Example from the marmot experiment: To measure the influence of long-term human disturbance on behavior is tricky. Instead of directly manipulating human disturbance, which would be difficult to do in the long term, researchers selected study animals within areas of different levels of human disturbance. This type of study is what is known as a correlational study. Researchers defined human disturbance by counting the number of humans, car and bicycles within a given time period over the course of several days.

Example from the mayfly experiment: Peckarsky et al. wanted to find out whether the chemical cues given off by the presence of brook trout in a stream affected the size of mature Baetis, so they designed an experiment where they exposed some Baetis larvae to stream water without trout (control treatment) and some Baetis to water with trout (experimental treatment). Then they compared the sizes of mature larvae between the two treatments throughout the experimental period.

Important Note! Confounding Variables

While designing experiments, it is important to consider any other variables that may have an effect on your results. Are there other factors – not included in your experiment – that may have an effect on the outcome?

Example from the marmot experiment: Age and sex of marmots can influence behavior. However, in this study experimentally controlling for confounding variables such as age and sex is difficult since the number of study animals in the field is often limited. Restricting data collection to only male or adult marmots, for example, would severely reduce the sample size thereby reducing the ability to detect differences. As done by Li et al., one solution to these issues is to note the ages and sexes of your study subjects and use these data in your statistical analysis.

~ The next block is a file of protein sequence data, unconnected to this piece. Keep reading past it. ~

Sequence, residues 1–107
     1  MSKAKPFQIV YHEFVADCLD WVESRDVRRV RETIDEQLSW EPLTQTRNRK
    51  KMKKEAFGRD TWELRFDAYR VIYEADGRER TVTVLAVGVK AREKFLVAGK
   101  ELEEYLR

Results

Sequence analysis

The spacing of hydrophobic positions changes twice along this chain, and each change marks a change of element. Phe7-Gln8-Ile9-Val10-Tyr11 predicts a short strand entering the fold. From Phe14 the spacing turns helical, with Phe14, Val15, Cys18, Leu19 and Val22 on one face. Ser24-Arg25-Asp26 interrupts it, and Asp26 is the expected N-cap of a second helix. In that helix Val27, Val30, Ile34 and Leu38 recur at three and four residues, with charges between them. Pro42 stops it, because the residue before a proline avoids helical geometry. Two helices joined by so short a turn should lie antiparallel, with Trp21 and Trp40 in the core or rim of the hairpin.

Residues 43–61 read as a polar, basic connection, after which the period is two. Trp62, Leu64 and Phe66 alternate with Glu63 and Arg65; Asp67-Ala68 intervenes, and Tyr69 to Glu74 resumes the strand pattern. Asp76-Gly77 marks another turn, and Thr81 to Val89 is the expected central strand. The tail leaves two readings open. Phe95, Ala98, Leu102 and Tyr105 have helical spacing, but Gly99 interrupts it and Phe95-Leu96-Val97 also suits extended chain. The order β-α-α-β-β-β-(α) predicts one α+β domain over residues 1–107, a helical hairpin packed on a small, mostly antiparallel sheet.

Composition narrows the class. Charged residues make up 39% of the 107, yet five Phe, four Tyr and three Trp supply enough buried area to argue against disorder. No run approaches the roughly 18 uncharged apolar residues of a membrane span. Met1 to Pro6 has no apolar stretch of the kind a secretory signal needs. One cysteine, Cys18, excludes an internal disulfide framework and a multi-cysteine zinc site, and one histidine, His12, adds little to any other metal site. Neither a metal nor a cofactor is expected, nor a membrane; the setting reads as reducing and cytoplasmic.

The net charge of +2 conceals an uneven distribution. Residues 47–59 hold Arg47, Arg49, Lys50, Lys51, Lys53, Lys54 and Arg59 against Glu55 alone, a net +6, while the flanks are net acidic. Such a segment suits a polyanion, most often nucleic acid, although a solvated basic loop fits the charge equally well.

Example from the mayfly experiment: In order to be certain that brook trout chemical cues were the only factor affecting the Baetis in the experiment, Peckarsky et al. tested other variables such as stream size, substrate size and conductivity to ensure they did not vary systematically between stream of the two treatments.

6. Results

Carefully report your results. Do your results support your hypothesis? What conclusions can you draw based on your results? What questions do you have after the completion of the experiment? (The best experiments ask more questions than they answer. New or unanswered questions form the basis for constructing new hypotheses and designing new experiments!

Example from the marmot experiment: In areas of greater human disturbance, 1) marmots exhibited higher levels of vigilance, decreased foraging and tolerated closer human approaches (i.e. decreased FID) and 2) juveniles tolerated closer human approaches than adults or yearlings.

Example from the mayfly experiment: Peckarsky et al. found that Baetis exposed to brook trout chemical cues matured at significantly smaller sizes than Baetis exposed to water without fish.

7. Conclusions

Always clearly separate your results (the data) from interpretations of the data that form the basis of conclusions. Speculations are also a common inclusion in discussion sections, and also must be clearly distinguished from conclusions supported by data.

Example from the marmot experiment: Despite marmots being more wary in areas of higher disturbance, marmots let humans get closer to them. This somewhat contradictory result may indicate 1) marmots need to acquire more information about predation risk in areas with more humans, and thus increase vigilance, and 2) marmots have learned that humans do not pose a threat and thus tolerate closer approaches. Li et al. also learned that age is an important consideration when examining human impact on animal populations.

Example from the mayfly experiment: The presence of brook trout caused alterations in mayfly size at maturity – this conclusion supports the initial hypothesis.

Having Trouble Getting Started?

Let your creativity be the key. Don’t get too bogged down crafting the perfect question or hypothesis or worrying that you aren’t a “real” scientist. Just ask an answerable question – craft a testable hypothesis – and have fun with your experiment!

digital_bees[1]For inspiration, try reading this peer-reviewed paper highlighting research on bee behavior conducted and written by 8-10 year old children at Blackawton Primary School in Devon, UK.

Next step – Learn more about the effects of fear in a TEDX talk, the Sound of Fear, featuring RMBL researcher Dr. Dan Blumstein.


Thanks to undergraduate RMBL researcher Emily Thorne and Nicole Munoz, a PhD Candidate in Blumstein’s lab at UCLA, for major contributions to this section. Thanks also to RMBL researchers Dr. Dan Blumstein and Dr. Bobbi Peckarsky for their reviews and suggestions.